Getting ready for and responding to HIPAA audits can be a daunting task for many hospitals and health systems, but a panel of security and privacy professionals have two words of advice: Prepare and communicate.
Everyone should know what expectations are, whether they’re in the organization’s workforce or a business associate, Janelle Burns, corporate privacy and security officer at Baptist Memorial Health Care, said during the 25th National HIPAA Summit on Thursday.
Organizations must continually “shake the trees” and make sure nothing is left uncovered, added Deidre Rodriguez, director of the corporate privacy office at Anthem.
“The more that you try to prepare for this and the more people that you talk to, the more question you ask--information will pop up that you never even knew,” she said.
Burns, herself, now has firsthand experience of what it’s like to be selected for an audit, as her organization was among those selected by the HHS Office for Civil Rights this year. She said one Friday she went to lunch and when she came back, there were 55 emails in her inbox from OCR.
“I about fell out of my chair,” she said. However, they did receive a lot of duplicate emails, which when taken out reduced it down to 32 of entities receiving contact verification.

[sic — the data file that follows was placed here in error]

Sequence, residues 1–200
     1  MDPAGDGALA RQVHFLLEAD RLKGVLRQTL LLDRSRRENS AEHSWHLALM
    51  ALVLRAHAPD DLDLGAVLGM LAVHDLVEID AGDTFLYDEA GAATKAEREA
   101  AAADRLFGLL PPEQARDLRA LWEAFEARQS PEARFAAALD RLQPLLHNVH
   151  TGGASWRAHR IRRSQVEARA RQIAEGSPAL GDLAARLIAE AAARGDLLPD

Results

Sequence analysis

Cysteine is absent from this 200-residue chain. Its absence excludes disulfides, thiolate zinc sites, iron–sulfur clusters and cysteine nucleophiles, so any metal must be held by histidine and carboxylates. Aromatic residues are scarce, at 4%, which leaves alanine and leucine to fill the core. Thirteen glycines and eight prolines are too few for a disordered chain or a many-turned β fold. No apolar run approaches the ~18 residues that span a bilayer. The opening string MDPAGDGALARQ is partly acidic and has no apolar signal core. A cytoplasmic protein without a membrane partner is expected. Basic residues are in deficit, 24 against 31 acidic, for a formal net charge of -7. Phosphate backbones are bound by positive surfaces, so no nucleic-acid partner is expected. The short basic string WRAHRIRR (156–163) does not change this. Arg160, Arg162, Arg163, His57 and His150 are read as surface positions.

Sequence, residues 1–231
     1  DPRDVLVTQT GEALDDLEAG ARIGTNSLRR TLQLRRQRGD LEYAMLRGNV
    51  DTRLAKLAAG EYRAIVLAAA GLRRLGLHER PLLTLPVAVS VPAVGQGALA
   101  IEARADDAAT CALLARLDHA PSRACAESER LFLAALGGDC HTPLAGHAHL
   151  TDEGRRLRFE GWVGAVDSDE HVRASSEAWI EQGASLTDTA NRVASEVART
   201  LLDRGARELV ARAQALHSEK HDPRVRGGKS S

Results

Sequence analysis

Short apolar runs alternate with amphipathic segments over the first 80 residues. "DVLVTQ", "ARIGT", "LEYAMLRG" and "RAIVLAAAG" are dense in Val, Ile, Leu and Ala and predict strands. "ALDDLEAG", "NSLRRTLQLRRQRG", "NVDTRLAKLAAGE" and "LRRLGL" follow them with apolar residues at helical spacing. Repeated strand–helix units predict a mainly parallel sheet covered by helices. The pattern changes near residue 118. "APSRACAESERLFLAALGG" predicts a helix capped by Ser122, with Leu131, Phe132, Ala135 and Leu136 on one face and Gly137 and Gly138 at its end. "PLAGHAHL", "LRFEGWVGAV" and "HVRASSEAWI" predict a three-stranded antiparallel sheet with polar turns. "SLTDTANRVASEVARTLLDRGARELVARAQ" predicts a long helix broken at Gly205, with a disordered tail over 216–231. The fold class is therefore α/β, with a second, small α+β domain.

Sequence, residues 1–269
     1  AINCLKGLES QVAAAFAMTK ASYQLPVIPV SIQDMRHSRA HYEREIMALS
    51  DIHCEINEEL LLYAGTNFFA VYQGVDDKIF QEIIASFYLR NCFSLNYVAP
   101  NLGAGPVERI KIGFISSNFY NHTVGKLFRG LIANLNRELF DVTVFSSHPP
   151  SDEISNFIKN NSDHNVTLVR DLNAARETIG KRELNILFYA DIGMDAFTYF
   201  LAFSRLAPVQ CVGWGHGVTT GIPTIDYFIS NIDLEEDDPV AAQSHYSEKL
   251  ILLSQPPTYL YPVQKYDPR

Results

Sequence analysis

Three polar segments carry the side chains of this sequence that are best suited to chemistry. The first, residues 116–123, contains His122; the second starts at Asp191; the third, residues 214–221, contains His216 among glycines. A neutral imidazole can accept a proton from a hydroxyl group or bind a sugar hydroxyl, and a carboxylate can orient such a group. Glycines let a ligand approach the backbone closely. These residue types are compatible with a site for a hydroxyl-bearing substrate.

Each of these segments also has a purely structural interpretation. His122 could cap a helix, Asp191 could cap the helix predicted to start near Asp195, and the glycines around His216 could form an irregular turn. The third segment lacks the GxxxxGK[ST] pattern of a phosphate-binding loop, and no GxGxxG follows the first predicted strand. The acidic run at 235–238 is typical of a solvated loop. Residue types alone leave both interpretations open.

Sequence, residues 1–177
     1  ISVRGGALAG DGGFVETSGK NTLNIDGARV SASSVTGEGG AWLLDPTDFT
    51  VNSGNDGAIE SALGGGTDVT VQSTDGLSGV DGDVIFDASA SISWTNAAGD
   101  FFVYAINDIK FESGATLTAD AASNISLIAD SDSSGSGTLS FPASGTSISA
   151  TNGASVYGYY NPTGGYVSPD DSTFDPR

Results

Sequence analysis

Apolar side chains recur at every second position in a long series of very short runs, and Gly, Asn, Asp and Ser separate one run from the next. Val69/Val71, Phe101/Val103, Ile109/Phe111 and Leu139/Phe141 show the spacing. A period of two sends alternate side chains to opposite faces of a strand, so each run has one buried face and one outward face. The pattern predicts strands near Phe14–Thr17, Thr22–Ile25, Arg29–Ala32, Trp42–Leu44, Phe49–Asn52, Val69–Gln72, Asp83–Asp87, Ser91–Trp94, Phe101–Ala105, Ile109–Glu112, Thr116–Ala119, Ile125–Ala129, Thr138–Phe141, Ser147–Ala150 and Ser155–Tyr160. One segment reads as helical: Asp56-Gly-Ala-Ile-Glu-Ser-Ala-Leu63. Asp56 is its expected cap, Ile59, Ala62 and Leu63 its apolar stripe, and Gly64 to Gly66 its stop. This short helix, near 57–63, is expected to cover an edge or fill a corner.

“With 32 I thought that there might be a chance that we could be selected, and we ultimately did have one of our hospitals that was selected for the privacy breach notification audited,” Burns said.
While OCR's questions were straightforward, she said, the biggest challenge was for the sampling. Burns said they were asked for the first five and last five access requests for 2015. While the last five were easy to gather, the first five proved more difficult because those were on an older system in which searching by date was much harder.
Ways in which some of the other organizations represented on the panel said they are preparing for potential audits included creation of a crosswalk between HIPAA and their organizations’ current policies.
Deborah Yano-Fong, chief privacy officer at the University of California San Francisco, called UCSF’s crosswalk a “living document.” It’s continually updated, she said, and an evolving process.
Glitches happen and privacy aspects might change that the privacy office doesn’t hear about, which makes having a living document that can constantly close gaps all the more important, Yano-Fong said.
For example, she said, it helped UCSF realize that its notice of privacy practice had been moved off the front page of its website.
In addition to a crosswalk document like UCSF’s, Rodriguez said Anthem created an audit playbook that contains everything anyone at the organization would need to know--down to who would get the auditors their badges to tips for employees who may be interviewed.
She also emphasized the importance of mock audits as a way to practice, prepare as well as reduce stress and anxiety of employees.